I had back surgery in 2003 and have gone back to the doctor many times throughout the years complaining of pain. Every time I went to see him he told me there was nothing wrong and that the metal cage he implanted looked very stable. So I started going to a pain doctor and he put me on more pain meds.
My primary care doctor had put me on pain meds almost right after the back surgery. Recently the pain doctor ordered an MRI and said my back looked terrible, so I made another appointment with back surgeon. He reviewed the CD but never read the report. He said he didn’t want anybody else’s opinion, he would draw his own conclusions.
This went on from 2004 to 2014 with me going to different pain doctors and having a pain stimulator implanted in my back in 2011. I had also returned to the back surgeon probably 3 or 4 more times but kept getting the same answer from him – nothing wrong.
In 2014 I gave him one more chance because I was in so much pain I didn’t know who to go to, so I finally got another appointment with him. I went back in to see him with new CT Scans.
He looked them over and finally told me that there was a screw that looked like it was hitting the nerves in my spinal cord. He said he didn’t like its placement. He told me to schedule surgery with his nurse and he would take all the metal out and I would be good as new.
I had been reviewing my records from his office and I noticed he had made a notation in 2003 right after surgery in my records that he did not like the placement of 1 of the screws he had put in. The notation stated, “Dr. ____, I am writing to inform you everything went well with the surgery except I have concerns over the placement of 1 of the screws, if patient doesn’t complain of any problems I will leave it in place.”
All these years I had gone to him complaining of pain he never mentioned anything about any screw. Now I wanted another opinion for another back surgery. I went to a Chicago doctor and he took just a simple x-ray and told me, “yeah, I can tell you your problem, you have a screw going right into your spinal canal.”
So I called my previous surgeon’s office and told them I won’t be having my surgery done by him, and thank you for your time.
That was in early December 2014, and on December 19, 2014 I had the Chicago doctor do the surgery. But now I’m having trouble with nerve pain affecting mainly my left leg. The doctor told me that it would hopefully go away with time, but it hasn’t so far.
So now I’m seeing a therapist to try to correct the damage the screw had caused hitting on those nerves for the last 11 years.
Is there anything I can do about this? Is this medical malpractice by the first doctor for not following up with his note that the screw was in my spinal nerves? I suffered pain for all those years, and it could have been corrected if the doctor had simply followed-up with his note. Can I file a lawsuit? Thank you.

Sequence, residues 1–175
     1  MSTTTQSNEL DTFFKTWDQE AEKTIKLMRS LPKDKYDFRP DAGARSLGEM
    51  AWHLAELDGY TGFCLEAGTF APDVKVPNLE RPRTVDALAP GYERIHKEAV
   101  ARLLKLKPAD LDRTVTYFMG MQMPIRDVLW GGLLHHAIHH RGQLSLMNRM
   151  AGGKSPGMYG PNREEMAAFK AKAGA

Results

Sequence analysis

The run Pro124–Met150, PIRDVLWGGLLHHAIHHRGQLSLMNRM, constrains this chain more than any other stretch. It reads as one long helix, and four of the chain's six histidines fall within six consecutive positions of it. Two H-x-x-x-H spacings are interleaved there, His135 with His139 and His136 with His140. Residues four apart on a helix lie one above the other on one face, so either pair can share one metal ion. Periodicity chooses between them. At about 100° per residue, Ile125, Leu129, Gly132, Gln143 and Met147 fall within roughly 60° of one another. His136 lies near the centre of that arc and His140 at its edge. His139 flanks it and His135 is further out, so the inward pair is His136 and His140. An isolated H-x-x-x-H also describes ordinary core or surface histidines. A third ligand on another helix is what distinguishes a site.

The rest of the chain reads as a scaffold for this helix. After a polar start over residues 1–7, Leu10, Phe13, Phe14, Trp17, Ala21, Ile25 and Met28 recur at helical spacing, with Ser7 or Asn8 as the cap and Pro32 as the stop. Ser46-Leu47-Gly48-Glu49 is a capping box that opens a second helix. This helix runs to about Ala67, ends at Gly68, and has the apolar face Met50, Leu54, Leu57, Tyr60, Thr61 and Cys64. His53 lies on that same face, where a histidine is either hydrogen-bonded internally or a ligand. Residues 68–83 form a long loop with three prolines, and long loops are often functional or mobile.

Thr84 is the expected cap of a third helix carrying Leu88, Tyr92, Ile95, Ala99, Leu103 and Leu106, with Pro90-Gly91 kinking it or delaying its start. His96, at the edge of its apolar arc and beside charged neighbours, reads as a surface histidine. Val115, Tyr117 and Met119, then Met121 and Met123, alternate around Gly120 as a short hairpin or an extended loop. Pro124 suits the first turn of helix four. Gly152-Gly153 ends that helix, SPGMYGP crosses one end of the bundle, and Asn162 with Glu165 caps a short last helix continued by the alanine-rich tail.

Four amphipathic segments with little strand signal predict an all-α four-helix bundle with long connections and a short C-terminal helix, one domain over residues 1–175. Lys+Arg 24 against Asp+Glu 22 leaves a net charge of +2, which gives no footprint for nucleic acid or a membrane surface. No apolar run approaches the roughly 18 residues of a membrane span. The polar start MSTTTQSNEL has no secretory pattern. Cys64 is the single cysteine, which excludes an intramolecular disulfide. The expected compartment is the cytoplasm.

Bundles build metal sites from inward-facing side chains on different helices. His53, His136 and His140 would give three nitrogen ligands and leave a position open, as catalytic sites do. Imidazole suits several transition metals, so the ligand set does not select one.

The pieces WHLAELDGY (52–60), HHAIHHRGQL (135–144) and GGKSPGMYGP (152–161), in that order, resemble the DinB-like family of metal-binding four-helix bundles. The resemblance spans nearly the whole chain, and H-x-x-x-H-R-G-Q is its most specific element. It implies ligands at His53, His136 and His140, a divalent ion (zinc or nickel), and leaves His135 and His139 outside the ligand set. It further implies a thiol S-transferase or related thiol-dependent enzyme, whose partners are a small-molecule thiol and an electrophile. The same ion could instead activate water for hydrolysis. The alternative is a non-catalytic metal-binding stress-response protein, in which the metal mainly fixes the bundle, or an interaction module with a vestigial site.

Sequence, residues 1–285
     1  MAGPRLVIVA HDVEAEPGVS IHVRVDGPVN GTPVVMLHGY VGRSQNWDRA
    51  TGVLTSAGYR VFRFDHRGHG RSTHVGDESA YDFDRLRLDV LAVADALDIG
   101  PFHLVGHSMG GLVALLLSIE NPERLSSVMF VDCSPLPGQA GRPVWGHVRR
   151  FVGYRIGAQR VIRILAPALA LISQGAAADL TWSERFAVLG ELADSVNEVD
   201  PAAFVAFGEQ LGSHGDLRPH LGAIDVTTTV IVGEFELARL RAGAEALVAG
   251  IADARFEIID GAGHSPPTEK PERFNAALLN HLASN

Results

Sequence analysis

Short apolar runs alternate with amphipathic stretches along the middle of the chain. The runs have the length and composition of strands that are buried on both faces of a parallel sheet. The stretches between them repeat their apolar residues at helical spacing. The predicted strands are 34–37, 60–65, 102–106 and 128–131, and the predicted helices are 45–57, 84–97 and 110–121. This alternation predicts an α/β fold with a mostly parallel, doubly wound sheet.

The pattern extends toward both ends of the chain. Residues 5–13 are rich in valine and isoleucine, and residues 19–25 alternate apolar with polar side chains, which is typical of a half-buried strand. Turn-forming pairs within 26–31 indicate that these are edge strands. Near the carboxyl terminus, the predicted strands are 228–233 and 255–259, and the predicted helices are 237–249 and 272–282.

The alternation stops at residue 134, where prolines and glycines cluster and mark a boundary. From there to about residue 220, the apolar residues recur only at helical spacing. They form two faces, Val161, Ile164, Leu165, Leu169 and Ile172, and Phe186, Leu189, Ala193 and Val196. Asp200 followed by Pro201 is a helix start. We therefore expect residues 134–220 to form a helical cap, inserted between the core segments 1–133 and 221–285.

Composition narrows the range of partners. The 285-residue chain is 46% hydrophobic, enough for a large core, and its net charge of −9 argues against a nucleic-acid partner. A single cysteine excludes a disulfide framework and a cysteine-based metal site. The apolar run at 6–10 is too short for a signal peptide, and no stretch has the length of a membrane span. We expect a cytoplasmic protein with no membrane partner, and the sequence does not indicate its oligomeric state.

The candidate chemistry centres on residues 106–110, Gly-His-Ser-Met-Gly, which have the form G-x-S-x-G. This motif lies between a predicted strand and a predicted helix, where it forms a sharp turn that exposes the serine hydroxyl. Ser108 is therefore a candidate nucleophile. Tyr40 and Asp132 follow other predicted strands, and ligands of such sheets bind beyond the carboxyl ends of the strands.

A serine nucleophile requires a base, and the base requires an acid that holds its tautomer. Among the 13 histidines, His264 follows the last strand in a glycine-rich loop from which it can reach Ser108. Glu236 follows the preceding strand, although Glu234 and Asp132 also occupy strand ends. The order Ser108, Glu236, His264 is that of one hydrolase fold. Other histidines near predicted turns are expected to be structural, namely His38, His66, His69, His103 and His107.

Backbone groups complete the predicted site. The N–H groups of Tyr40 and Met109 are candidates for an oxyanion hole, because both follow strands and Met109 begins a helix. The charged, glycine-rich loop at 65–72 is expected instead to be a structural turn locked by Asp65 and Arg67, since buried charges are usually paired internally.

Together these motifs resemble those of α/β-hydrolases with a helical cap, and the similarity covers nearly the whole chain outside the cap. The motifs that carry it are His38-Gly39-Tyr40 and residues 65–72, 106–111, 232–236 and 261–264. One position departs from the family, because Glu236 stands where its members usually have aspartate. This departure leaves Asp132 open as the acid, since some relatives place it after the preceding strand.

Disclaimer: Our response is not formal legal advice and does not create an attorney-client relationship. It is generic legal information based on the very limited information provided. Do not rely upon the information in our response, or anywhere else on this site, when deciding the proper course of a legal matter. Always get a personalized case review from a local attorney.
Normally there is a two (2) year statute of limitations on personal injury claims. There are exceptions. The statute can be “tolled,” meaning the time doesn’t begin until the patient knows about about the malpractice, or should know about the malpractice.
In your case it’s arguable you didn’t learn about the purported medical malpractice until 2014. As a result, it can be argued the statute of limitations did not begin until then.
Medical malpractice claims should NEVER be handled by an individual who is not an attorney. These cases are invariably complex and expensive to pursue. Only attorneys with substantial experience in malpractice law are qualified to undertake such cases.
Secure copies of all your medical records. You particularly want the notations from the initial doctor stating:
“Dr. ____, I am writing to inform you everything went well with the surgery, except I have concerns over the placement of 1 of the screws, if patient doesn’t complain of any problems I will leave it in place.”
Once you have all medical records in hand, do some research. Look for personal injury attorneys in your area with substantial experience and success in medical malpractice claims.
Fortunately, most reputable med mal attorneys list some of the cases they have succeeded in settling or winning for their clients. Make appointments with several of them. After you have visited with several attorneys you will have a better idea if the chance of success in your claim.
Learn more here: Physician Malpractice Claims
The above is general information. Laws change frequently, and across jurisdictions. You should get a personalized case evaluation from a licensed attorney.
Best of luck with your claim,
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